‘Why Be Ethical?’ in the Islamic Perspective
In one of the preceding sections, we had seen that the various schools of moral philosophers have given their own answers to the question that why should a person choose to behave in a manner that is considered to be in keeping with the ethical norms and standards of his society. In this section, we shall see what is the answer to this question from the Islamic perspective.
Before we consider the answer to the said question in the Islamic perspective, it seems necessary to clarify that in a number of situations, the question of deviating from an ethical principle does not even arise. Let us take ‘honesty’, as a case in point. There are a number of situations in one’s life where there is absolutely no reason to deviate from honesty. For instance, if someone, under normal circumstances, asks me my name, I am not likely to deviate from the principle of ‘honesty’. I would, in most of the cases, tell him my name very ‘honestly’. It is only under circumstances where a high – material, physical or emotional – price is likely to be paid or a great benefit likely to be sacrificed that one needs a good reason to adhere to ‘honesty’. The same would hold true for all ethical principles. It is only under circumstances where adherence to ethical or moral values is likely to be followed by a loss that this adherence needs a reason.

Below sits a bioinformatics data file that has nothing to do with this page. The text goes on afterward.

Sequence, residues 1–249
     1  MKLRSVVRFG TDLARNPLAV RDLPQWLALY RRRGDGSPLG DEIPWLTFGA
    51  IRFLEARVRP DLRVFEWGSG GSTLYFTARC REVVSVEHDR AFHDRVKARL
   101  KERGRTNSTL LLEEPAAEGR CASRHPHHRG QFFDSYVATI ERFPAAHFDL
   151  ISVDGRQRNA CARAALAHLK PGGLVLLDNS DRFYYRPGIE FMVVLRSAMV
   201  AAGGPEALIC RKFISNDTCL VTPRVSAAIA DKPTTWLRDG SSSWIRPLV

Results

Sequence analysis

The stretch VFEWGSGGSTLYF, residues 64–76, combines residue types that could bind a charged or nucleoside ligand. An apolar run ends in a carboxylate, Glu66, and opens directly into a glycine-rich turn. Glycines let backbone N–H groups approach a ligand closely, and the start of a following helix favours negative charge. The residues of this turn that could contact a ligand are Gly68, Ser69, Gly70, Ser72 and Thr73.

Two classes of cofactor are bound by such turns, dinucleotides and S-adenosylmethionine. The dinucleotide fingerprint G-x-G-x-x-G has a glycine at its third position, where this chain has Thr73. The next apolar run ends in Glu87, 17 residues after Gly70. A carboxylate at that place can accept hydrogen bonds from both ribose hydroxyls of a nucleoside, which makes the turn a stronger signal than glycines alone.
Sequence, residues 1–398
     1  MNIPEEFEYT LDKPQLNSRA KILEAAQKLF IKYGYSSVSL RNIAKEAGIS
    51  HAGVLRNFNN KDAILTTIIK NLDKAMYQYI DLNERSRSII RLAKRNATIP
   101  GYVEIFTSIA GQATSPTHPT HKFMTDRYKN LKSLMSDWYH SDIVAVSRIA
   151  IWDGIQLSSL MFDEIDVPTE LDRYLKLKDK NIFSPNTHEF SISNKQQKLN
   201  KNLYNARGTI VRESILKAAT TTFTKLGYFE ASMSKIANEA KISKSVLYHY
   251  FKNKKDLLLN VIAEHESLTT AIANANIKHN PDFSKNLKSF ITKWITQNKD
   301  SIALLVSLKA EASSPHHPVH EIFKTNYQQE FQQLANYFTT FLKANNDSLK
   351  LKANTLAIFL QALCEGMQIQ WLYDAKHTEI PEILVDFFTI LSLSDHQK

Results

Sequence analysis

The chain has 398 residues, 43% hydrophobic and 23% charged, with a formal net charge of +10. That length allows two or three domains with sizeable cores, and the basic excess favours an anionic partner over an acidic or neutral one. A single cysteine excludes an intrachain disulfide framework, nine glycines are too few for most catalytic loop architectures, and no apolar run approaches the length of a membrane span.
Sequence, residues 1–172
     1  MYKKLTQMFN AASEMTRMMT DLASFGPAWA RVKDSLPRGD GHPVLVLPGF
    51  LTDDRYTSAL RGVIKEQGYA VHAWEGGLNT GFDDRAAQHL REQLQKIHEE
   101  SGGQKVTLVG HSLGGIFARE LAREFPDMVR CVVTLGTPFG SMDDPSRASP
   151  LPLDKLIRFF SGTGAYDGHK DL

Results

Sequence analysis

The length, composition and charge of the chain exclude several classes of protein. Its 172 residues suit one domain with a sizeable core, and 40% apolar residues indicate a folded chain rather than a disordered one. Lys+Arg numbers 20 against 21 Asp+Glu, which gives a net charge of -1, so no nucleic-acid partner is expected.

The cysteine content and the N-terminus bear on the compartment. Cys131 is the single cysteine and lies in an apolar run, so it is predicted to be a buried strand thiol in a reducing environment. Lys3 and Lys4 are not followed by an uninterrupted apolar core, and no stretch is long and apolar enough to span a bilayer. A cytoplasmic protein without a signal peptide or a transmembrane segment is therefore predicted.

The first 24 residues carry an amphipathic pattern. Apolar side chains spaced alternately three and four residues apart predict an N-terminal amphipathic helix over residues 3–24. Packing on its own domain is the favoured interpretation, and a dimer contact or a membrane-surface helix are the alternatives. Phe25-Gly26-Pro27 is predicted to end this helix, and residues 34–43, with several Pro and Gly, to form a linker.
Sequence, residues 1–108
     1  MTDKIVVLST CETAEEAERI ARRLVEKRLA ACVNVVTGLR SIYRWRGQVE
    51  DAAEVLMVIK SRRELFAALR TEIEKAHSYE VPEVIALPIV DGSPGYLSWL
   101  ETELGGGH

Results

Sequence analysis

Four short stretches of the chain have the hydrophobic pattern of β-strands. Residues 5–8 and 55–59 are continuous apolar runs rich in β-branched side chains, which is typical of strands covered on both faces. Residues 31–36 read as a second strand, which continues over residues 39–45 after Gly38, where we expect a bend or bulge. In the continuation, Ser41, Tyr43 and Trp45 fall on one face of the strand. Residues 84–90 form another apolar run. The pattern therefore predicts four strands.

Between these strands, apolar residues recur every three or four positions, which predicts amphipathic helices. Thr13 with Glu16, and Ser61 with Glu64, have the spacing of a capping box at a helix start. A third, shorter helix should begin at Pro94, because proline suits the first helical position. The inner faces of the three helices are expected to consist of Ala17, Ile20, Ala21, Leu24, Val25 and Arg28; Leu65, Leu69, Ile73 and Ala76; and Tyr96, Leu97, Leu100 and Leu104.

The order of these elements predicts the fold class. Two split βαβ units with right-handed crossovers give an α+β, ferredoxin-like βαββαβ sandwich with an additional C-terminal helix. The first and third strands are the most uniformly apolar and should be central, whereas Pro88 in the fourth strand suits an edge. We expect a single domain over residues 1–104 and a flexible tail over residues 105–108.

The reason for such adherence, from the Islamic perspective is simply that it is a direct requirement of the articles of faith of Islam to adhere to such ethical or moral principles, irrespective of the volume of cost that has to be borne or that of the benefit that may be lost. The declaration of Imaan (faith) not followed by good deeds, in the eyes of Islam, is either hypocrisy or ignorance.
A person who truly believes in the Islamic articles of faith (Tawheed , Risalah and Aakhirah ) cannot be unmindful of the practical requirements of these articles of faith. Ignorance of the practical requirements of these articles of faith, translates into ignorance of the articles of faith themselves. Furthermore, being unmindful of fulfilling these requirements practically refutes the very existence of true Imaan in one’s heart
Islamic Perspective of software piracy.
Most of the currently accepted western basic principles of ethics in research are consistent with the instructions of Islam (Editorial, 2006). Prophet Mohamed (peace be upon him) said, I was sent to complete the epitomes of Ethics (Abdel-Baky, 1951). The teaching of Islam covers all the fields of human activity. The instructions, which cover everyday activity is called Shar’iah. Western countries do not understand why Muslims are against implementation of secularization in their countries. We have to understand that Islam is not only a religion; it is a way of life. As mentioned earlier, the Shar’iah controls every day activities of Muslims (Editorial, 2006).
Our societies have different rules that make us different from the other countries. Unlike western countries, Islamic societies lack a differentiation of secular and sacred. All Muslims are requested to behave according to Islamic jurisprudence. Islam has a different concept of property, which entails different views of the intellectual right. In general, Islamic jurisprudence is inclined more toward the public interest when it contradicts with individual interests.
Recording computer programs videos or others is forbidden unless permitted by their owner. Here is the Fatwa of the permanent council of Fatwa in Saudi Arabia:
“It is unlawful to make copies of programs whose rights are reserved to their owners except with the permission of these owners. The Prophet said: “Muslims are bound by the conditions they set amongst themselves”.
The Prophet also said: “Nobody is permitted to take the property of a Muslim unless the Muslim permits him voluntarily to do so”.